Similar in style to the foregoing, Mirror of Justice was a product of the 1950s that was retired before 1963. She too had a separate companion sculpture (Sun of Justice). The example shown here, from the 1979 Cybis catalog, shows it without the wood base that I have seen in other literature; it’s unknown whether the base was optional (perhaps that’s what Cybis was trying to indicate). The same catalog gives the height as 17” and the retail pricing during production as $110. It also doesn’t specify whether the ornate halo – which also appears on the companion – is made of porcelain or of wood. A major retailer (Armstrong’s of California) offered the pair in the early 1970s and described the finish as stained glass. It also mentioned that they had the ‘eagle’ backstamp which would indicate they were early pieces. Both of those were shown on wood bases.
There must have been different versions of these because this one is in a faint Cypia tonation and has neither halo nor base. It also reveals something that is not apparent in the official Cybis photo: It has a flat back! Did the hole at the top serve a dual purpose of providing the necessary escape of air during the firing process and a later attachment point for the halo option?? (See the Jesus Sculptures post for the companion version of this.)
This 1950s sitting madonna and child (actual name unknown) was also a Holland Mold design, except for the halo which is a Cybis addition and is very similar to their ‘Lady of Lourdes’ which is shown next. The Cybis version is signed in the correct format and color for the period. The Cybis design number was 223.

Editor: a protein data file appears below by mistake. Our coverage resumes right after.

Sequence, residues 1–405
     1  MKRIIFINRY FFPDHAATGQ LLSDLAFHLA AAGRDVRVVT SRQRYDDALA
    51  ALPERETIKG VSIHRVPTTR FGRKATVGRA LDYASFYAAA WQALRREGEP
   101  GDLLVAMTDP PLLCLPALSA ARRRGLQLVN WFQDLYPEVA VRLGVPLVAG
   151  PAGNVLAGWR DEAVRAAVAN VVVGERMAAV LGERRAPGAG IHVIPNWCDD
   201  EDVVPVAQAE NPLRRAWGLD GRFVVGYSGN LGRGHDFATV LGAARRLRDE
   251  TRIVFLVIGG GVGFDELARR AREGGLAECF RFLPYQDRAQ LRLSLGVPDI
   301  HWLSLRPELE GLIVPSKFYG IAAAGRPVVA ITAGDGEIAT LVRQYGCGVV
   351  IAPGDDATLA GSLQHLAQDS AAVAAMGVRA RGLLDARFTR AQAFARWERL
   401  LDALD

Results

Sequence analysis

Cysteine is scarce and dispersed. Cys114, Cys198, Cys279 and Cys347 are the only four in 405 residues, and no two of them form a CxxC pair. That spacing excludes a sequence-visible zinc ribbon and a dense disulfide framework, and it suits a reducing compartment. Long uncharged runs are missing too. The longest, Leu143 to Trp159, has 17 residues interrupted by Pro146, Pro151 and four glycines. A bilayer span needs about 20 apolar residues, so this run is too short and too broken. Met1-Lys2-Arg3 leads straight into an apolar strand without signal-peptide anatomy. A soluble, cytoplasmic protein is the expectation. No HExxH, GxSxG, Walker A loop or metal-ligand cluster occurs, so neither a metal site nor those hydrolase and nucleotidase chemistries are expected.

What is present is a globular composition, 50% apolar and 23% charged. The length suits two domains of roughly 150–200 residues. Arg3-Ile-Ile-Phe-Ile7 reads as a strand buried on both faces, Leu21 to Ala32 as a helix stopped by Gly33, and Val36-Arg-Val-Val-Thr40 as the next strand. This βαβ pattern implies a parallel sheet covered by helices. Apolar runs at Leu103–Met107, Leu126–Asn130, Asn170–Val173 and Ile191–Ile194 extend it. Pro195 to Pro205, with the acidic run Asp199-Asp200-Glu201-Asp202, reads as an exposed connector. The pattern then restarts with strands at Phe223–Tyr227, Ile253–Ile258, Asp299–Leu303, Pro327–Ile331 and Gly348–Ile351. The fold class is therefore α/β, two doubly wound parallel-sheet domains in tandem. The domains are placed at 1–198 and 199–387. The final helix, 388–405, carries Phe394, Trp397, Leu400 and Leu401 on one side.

Here is the same piece in a much ‘frillier’ decoration, including more gold accents and a pink rose spray embellishment, but sans halo.
Our Lady of Lourdes ‘Healer of the Sick’ is a large piece (19.5”) that was produced only during the 1950s and offered in both white bisque and stained-glass decoration. She was priced at $55 for the white and $65 for the stained glass version throughout production. The basic piece is a Holland mold, with the Cybis addition of a solid halo and spray/branch of flowers and foliage on one side. The Holland mold version also has a secondary (lower) base element which the Cybis piece does not have. See When Is a Cybis Not a Cybis for a comparison of the two.
This is the original Madonna ‘Queen of Angels’ (unfortunately the later 1980s upsized replica looks identical; it is examined in the Later Madonnas post) which is approximately 11” tall including the base which is approximately 4.5” high. This means that the porcelain sculpture itself is actually 6.5” or 6.75”tall.
As clearly shown here, this is the 1950s Mother Most Admirable; the lower porcelain base mold was not used, a crown of flowers was added, and the resulting piece attached to a wood base. This was introduced in the mid-to-late 1950s with an issue price of $30.
The color version was produced starting in the mid-late 1950s and continued until 1970, which is roughly fifteen years. Her issue price of $40 rose to $90 at retirement. Note the slight difference between the first (blue eyes, solid white collar edge) and second (brown eyes, gold collar edge) examples. The vast majority of these appear to be the blue eyed version, however.
The all-white-bisque Queen of Angels is on a par with the Baby Owl for design longevity BUT with a difference: In the 1990s Cybis ‘upsized’ the original Queen of Angels so that the sculpture itself became 11” tall instead of this original 6.75” model. At the same time they issued a virtually identical sculpture under a different name; all this is covered in detail in the next post, including how to differentiate between the various iterations. In the meantime, it’s enough to know that if the sculpture measures 11” high including its wood base, it was cast from the original (1950s through probably early 1990s) design mold.